A carta de Intenções do FMI
Does the next Portuguese government will meet the conditions it signed with the troika?
Groucho Marx: Now pay particular attention to this first clause, because it's most important. There's the party of the first part shall be known in this contract as the party of the first part. How do you like that, that's pretty neat eh?
Chico Marx: No, that's no good.
Groucho Marx: What's the matter with it?
Chico Marx: I don't know, let's hear it again.
Groucho Marx: So the party of the first part shall be known in this contract as the party of the first part.
Chico Marx: Well it sounds a little better this time.
Groucho Marx: Well, it grows on you. Would you like to hear it once more?
Chico Marx: Just the first part.
Groucho Marx: What do you mean, the party of the first part?
Chico Marx: No, the first part of the party, of the first part.
Groucho Marx: All right. It says the first part of the party of the first part shall be known in this contract as the first part of the party of the first part, shall be known in this contract - look, why should we quarrel about a thing like this, we'll take it right out, eh?
Chico Marx: Yes, it's too long anyhow. Now what have we got left?
Groucho Marx: Well I've got about a foot and a half.
Ashley Crossland: Contracts: we love them, even when we don't understand them. Governments love them for doing as much as possible of what governments used to do. Contracts have a whiff of simplicity about them: two parties coming together to negotiate an agreement as free agents. And if one party doesn't keep their side of the bargain, well you just take them to court. What could be easier?
Groucho Marx: Now what's the matter?
Chico Marx: I don't like the second party either.
Groucho Marx: Well, you should have come to the first party, we didn't get home till around four in the morning. I was blind for three days.
Chico Marx: Hey look, why can't the first part of the second party be the second part of the first party, then you'll get something.
Groucho Marx: Well look, rather than go through all that again, what do you say?
Chico Marx: Fine.
Groucho Marx: Now I've got something here you're bound to like, you'll be crazy about it.
Chico Marx: No, I don't like it.
Groucho Marx: You don't like what?
Chico Marx: Whatever it is, I don't like it.
Groucho Marx: Well don't let's break up an old friendship over a thing like that. Ready?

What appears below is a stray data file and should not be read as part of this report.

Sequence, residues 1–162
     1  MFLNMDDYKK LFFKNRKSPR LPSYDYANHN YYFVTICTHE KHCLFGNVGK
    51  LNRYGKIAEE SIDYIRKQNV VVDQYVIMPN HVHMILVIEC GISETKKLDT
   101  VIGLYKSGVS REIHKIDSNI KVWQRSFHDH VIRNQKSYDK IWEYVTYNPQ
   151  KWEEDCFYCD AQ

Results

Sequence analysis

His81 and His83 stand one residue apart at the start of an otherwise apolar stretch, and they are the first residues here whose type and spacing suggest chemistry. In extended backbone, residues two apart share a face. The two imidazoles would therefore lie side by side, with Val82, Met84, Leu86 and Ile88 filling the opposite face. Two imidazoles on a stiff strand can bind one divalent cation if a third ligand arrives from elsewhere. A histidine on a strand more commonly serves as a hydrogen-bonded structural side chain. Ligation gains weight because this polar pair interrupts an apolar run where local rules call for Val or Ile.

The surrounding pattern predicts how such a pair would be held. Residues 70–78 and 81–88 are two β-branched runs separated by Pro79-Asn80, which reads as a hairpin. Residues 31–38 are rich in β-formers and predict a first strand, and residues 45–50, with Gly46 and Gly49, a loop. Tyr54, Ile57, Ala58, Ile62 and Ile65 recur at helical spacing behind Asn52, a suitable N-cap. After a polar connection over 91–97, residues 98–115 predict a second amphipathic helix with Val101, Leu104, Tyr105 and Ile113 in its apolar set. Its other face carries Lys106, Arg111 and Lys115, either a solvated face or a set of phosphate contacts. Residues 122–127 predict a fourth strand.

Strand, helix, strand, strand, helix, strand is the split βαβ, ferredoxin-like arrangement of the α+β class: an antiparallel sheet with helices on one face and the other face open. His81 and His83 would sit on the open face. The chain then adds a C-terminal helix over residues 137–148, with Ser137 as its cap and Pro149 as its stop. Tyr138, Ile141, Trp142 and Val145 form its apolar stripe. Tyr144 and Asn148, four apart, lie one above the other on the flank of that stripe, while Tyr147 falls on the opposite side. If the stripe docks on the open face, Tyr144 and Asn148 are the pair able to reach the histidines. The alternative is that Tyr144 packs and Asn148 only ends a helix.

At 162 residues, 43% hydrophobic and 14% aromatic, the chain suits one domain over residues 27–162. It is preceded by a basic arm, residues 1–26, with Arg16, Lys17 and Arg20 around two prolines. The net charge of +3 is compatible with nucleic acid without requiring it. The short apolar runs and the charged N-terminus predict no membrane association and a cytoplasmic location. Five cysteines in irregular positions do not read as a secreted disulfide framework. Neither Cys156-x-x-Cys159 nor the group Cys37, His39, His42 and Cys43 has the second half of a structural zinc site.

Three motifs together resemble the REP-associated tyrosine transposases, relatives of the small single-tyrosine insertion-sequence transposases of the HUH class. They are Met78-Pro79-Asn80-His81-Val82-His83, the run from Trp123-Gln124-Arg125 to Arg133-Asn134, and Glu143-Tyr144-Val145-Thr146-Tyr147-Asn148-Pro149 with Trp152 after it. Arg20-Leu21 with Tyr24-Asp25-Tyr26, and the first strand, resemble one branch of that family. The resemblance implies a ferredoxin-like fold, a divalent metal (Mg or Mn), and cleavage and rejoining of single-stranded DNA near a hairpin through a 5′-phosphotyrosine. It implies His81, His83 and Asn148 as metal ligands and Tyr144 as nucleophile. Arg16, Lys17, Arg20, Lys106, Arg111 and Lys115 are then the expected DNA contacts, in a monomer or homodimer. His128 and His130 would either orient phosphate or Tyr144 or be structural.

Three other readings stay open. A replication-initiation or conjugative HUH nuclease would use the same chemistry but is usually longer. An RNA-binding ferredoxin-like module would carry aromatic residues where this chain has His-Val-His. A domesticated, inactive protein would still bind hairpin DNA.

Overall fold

Chico Marx: OK. Now the next part I don't think you're going to like.
Groucho Marx: Well your word's good enough for me. Now then, is my word good enough for you?
Chico Marx: I should say not.
Groucho Marx: Well I'll take out two more clauses. Now the party of the eighth part --
Chico Marx: No, that's no good, no.
Groucho Marx: The party of the ninth part --
Chico Marx: No, that's no good too. Hey, how is it my contract is skinnier than yours?
Groucho Marx: Well, I don't know, you must have been out on a tail last night. But anyhow, we're all set now, are we? Now just you put your name right down there, then the deal is legal.
Chico Marx: I forgot to tell you, I can't write.
Groucho Marx: Well that's all right, there's no ink in the pen anyhow. But listen, it's a contract isn't it? We've got a contract, no matter how small it is.
Chico Marx: Oh sure. You bet.
Ashley Crossland: Or how small the contractor is. Even five-year-olds these days are signing contracts with their teachers about behaviour in class. Background Briefing today peruses some Marx Bros style legal agreements, and manages to keep a straight face. Hello, I'm Ashley Crossland.
While there are no 'parties of the ninth part', you'll learn to negotiate a maze of legalese and lawyerly subtlety. Phrases like 'privity of contract' and 'private job service provider'. But you don't have to be a QC to listen, and you don't have to be a High Court Judge to understand what's going on. When government signs a contract to provide you with a service, you're more often than not cut out of the legal loop. And as you'll hear today, the contracts which governments sign are often so full of legal uncertainty that no-one, least of all the policy makers, know what powers private contractors wield, or whose job it is to find out.